This past Saturday I attended the Solstice Parade, which is part of the Fremont Fair in Seattle, and is rapidly becoming on of my very favorite PNW traditions. The very best part, in my opinion, is the mass of naked, body painted bicyclists that start the parade. I wrote about this amazing tradition last year, but this year it seemed like even more people participated. I’d guess that 700 naked people rolled past me.

To say that a parade like this would never, ever happen in conservative Florida is putting it mildly. And that, to me, makes it an even more joyous celebration. Summer! Freedom! Art! Self-Expression! Joy! And the absolute best way to start the season!

I am right where I need to be. Maybe one of these years I will be a participant instead of a spectator! Here are some of the best pictures I could find from my collection, which don’t (hopefully) have any shocking bits on display. Enjoy!

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Exploring Washington State–Mount Rainier National Park

As we came around the curve, a bald eagle landed in the road right in front of us; an opossum clutched in its talons. Upon seeing us, the grand bird flew away, leaving its prey behind. Its wingspan was wider than the lane in which we were driving. It all seemed to happen in slow motion, and yet there was no time for pictures. I didn’t want to look away, even for a second, as its strong wings elevated it ever skyward. The white triangle of its tail spread wide. This was an angle I’d never seen before. It was so unexpected, and so, so close. This was nature at its most beautiful. I felt as though I had been given a special gift.

And here’s the thing: we hadn’t even arrived at the park yet. So this adventure was beginning on a high note, as if the universe wanted to make sure I was in the proper state of awe for the experience to come.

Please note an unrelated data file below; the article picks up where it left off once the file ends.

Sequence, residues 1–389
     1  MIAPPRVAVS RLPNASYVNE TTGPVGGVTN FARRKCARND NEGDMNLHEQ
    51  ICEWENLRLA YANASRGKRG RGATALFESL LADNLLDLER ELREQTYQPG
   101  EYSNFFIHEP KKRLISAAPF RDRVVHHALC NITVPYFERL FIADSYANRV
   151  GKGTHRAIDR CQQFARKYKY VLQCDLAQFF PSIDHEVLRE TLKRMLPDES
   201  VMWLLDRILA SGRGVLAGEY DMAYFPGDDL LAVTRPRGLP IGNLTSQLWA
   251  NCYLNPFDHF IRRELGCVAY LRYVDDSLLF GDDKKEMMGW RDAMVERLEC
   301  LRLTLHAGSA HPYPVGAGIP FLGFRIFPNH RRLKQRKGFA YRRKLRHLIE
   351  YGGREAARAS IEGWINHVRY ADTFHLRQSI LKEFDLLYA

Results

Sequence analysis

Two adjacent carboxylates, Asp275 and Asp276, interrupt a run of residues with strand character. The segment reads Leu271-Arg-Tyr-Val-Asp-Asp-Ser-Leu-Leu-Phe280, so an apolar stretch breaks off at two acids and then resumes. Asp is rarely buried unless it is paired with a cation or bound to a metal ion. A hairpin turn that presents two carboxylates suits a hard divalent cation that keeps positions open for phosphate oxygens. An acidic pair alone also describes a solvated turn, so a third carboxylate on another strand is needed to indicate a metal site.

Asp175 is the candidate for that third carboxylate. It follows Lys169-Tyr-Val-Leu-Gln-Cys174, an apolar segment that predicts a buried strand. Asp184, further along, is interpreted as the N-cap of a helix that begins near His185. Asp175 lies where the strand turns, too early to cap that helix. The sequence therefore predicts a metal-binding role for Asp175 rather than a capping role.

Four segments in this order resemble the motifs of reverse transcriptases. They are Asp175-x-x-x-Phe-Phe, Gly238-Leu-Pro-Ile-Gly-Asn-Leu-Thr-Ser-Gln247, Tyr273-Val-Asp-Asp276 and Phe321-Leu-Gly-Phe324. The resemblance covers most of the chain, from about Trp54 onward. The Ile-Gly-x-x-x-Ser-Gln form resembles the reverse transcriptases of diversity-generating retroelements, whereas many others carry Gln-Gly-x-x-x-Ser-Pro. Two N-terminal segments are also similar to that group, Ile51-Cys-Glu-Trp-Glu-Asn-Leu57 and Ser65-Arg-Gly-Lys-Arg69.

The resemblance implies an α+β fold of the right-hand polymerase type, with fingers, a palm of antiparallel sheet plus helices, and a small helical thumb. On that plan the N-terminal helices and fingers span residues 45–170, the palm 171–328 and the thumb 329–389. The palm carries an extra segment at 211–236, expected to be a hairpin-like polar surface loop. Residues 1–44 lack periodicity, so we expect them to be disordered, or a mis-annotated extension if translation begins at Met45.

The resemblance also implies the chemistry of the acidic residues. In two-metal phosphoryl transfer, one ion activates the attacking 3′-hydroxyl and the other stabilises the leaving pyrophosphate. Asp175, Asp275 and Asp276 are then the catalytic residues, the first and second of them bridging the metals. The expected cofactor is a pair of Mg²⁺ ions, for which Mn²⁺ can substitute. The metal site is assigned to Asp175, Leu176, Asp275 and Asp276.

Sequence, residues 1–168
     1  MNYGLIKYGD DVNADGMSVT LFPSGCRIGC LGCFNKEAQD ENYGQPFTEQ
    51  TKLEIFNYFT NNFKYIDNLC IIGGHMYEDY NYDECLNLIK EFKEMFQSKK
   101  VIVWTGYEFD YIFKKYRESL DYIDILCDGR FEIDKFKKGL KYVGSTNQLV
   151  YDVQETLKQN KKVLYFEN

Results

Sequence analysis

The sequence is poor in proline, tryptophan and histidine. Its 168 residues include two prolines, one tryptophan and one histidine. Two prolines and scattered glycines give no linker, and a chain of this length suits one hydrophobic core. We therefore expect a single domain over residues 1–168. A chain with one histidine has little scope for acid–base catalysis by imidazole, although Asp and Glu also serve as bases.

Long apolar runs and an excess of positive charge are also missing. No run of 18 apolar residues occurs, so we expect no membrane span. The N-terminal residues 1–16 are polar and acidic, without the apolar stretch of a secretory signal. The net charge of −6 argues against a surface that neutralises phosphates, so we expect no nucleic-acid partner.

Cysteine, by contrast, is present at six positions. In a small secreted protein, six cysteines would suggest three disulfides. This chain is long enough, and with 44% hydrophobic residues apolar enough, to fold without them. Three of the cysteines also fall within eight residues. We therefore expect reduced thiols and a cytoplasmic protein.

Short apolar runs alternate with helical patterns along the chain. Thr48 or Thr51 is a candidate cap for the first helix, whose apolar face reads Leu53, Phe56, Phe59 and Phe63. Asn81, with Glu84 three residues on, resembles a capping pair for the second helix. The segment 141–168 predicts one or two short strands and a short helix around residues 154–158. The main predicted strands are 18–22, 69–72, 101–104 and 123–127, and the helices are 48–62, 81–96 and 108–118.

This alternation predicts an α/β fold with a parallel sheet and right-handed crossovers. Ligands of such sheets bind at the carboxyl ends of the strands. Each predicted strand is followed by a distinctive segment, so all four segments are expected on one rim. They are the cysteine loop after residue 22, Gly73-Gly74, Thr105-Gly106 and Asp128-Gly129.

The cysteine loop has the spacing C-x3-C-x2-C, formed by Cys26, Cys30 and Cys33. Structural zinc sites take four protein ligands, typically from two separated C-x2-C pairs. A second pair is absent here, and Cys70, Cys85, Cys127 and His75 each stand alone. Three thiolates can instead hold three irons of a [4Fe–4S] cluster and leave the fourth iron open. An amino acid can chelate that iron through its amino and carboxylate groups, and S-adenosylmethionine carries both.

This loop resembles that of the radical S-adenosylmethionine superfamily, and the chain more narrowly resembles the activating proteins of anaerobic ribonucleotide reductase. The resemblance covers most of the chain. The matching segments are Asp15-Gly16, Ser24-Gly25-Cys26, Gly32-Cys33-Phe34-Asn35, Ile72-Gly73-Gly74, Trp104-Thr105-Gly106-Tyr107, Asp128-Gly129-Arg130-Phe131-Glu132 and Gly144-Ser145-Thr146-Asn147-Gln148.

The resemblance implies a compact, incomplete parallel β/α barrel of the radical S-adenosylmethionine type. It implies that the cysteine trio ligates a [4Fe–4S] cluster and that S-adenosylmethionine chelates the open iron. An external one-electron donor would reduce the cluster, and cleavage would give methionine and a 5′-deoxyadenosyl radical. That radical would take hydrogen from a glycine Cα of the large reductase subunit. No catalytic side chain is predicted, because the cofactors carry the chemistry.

Mount Rainier looms large in the Pacific Northwest. On sunny days, I get to gaze upon it from one of the bridges where I work. I quite often get a glimpse on my commute home as well. I’d always wanted a closer look, but sensed that it would be too incredible to see alone. Some things, the most amazing things, should be shared.

According to the National Park Service, Mount Rainier is “the tallest volcano in the Cascade Mountain Range and the most glaciated peak in the continental United States.” We weren’t going to make it to the 14,410 foot apex. Many of the roads were still closed for the season, and neither of us are climbing fit. But we made it up to the visitor center in Paradise, which is at 5400 feet. More than a mile above sea level. Higher than Denver.

There are currently 25 glaciers on Mount Rainier, which is pretty impressive. But if you look at the timeline here, you can see that they’ve been steadily shrinking. This could be a very effective teaching tool about global warming, but unfortunately the entire National Park System is under a gag order thanks to our current resident in the White House, who is of the minority, self-serving opinion that climate change doesn’t exist, or at least isn’t our fault. Oh no. Can’t be. Then we might have to do something. Sigh.

So I looked at these amazing glaciers, and the accompanying waterfalls, and the gigantic old-growth trees, and realized that they would probably never again be as grand as they were at that very minute. It was a privilege to bear witness.

Thank goodness, at least, for elevation. Before entering the park, it was a sunny 77 degrees. At the visitor center, it was 44 degrees and hailing. Hail. In late May. And at the same time, steam still rises off the mountain’s crest, to remind us all that it’s still an active volcano.

Nature is the most amazing thing we have. Why are we so hellbent on destroying it? I’ll never understand.

Homeward bound, we drove back along the stretch of road where we encountered the majestic eagle, and I was pleased to see that he’d long since come back to retrieve his meal. The circle of life continues. At least for now.

I’ll leave you with these photos, which do not do the place justice, but will at least give you some idea of why I’m so in love with our national parks.